Sniff, sniff. Sniff. Sniff. Much like a dog, I poked my nose upward. The essence of vending machine coffee swirled through the stale museum air. This scent immediately took me back to the basement of the arts center where fellow dancers and I used to get ready to perform in productions like The Nutcracker and A Midsummer Night’s Dream. Aww, I sighed, feeling nostalgic and missing the many years I spent dancing on stage.
Our sense of smell is fascinating. It can facilitate a sort of time travel as I experienced at the museum. It often connects us to strong emotions. As adults, we can distinguish between about 10,000 different smells and it is the first sense we use when we’re born. We know scent plays an important role in breastfeeding.
What’s more, research shows that maternal scent may have a positive effect on the neurodevelopment of hospitalized, premature infants, some of whom may not be able to directly breastfeed right away.
With this in mind, the neonatal intensive care unit (NICU) at Lee Memorial Health System’s Golisano Children’s Hospital of Southwest Florida developed a program called “Heart-to-Heart” Care to offer parents an opportunity to provide their babies with a sense of closeness while they are separated. If parents choose to participate in the program, they are provided with two small cloth hearts and directions as follows:
- Store clean “heart” in a new Ziploc bag until worn.
- Wear the clean “heart” tucked in upper bra, away from leaking breastmilk, next to freshly washed, unscented skin for 12-24 hours.
- Avoid all exposures to perfumes, pet hair, smoke, environmental pollutants or strong odors.
- Wear “heart” to NICU or PCN or place in clean Ziploc bag to bring to infant.
- Use the hearts until your baby goes home, and you may then take them home with you.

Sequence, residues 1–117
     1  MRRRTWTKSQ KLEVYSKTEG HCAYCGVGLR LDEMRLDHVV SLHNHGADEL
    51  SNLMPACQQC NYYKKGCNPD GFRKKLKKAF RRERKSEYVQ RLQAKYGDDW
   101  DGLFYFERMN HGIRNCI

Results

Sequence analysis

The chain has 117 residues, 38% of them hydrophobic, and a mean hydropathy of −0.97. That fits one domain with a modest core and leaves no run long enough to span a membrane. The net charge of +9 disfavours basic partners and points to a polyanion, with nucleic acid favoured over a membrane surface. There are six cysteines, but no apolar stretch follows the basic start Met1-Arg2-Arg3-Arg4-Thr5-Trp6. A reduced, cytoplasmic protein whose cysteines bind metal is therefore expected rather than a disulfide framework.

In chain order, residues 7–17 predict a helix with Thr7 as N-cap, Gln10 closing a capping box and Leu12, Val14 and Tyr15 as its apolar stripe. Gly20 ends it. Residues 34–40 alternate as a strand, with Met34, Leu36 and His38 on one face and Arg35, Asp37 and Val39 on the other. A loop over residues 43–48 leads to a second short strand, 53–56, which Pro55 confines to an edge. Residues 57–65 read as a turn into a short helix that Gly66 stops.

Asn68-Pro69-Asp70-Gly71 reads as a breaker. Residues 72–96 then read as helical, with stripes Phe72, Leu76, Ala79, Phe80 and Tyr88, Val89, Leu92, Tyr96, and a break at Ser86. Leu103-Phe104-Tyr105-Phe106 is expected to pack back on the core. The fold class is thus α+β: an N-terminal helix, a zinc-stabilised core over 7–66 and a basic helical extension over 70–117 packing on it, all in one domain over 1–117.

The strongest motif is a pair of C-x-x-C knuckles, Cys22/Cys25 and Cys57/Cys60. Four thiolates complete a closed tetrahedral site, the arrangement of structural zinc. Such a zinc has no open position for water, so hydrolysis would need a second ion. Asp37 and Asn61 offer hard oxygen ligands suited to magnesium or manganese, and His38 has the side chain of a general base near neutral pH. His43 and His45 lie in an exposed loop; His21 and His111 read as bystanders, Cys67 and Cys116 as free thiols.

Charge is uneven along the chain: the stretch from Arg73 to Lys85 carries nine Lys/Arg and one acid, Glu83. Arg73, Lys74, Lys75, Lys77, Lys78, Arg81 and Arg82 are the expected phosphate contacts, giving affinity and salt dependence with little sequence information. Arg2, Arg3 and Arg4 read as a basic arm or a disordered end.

- Wash “heart” in unscented laundry detergent, rinse thoroughly.
- Hang dry or dry in electric dryer without fabric softener or softening sheets.
- Be sure to contact you baby’s nurse if you have any questions.
In The development of potentially better practices to support the neurodevelopment of infants in the NICU, the authors write, “Within days after birth, olfactory preferences seem to be reinforced by exogenous cues associated with the mother’s unique body odor and breast milk characteristics,which may be translated into improved non-nutritive sucking.”
They continue, “These familiar odors also seem to have an adjunctive calming or soothing effect compared to non-familiar odors or no odors during venipuncture or heel lancing procedures, with the stress of maternal separation or as a soothing tool.”
Lee Memorial Health System NICU nurse and lactation professional Donna Warr, RN, IBCLC works with families participating in the heart to heart program. She explains that breastfeeding a NICU baby is incredibly involved.
“These babies and mothers face so many challenges,” she says.
For one, many mothers with babies in the NICU have to commit to pumping until the infant can directly breastfeed, often while being separated for long periods of time.
During this time, it is imperative that Warr and colleagues support mothers and give value to their breastmilk. With proper support mothers are motivated to pump in order to maintain lactation and to provide unequaled sustenance for their babies. One way Warr and colleagues achieve this is by facilitating breastmilk oral care. During breastmilk oral care, a Q-tip is soaked in mother’s milk for baby to suck on or gently swabbed to coat baby’s mouth.
“One of the most rewarding experiences is to see the tears of joy from a mother of vented infant when the baby sucks on the breastmilk soaked Q-tip,” Warr says.
Maintaining consistent, quality information throughout a mother and baby’s care can be challenging especially in the NICU setting. Last year, Warr presented a poster at the USBC conference in August titled, Bridging the Gap, Transforming NICU pumping moms into breastfeeding moms.
“From the health care system to the breastfeeding family, the education must be consistent to provide the breastfeeding mother with the support needed to achieve success,” Warr says.
Golisano Children’s Hospital of Southwest Florida NICU’s next project will be introducing infant driven feeds.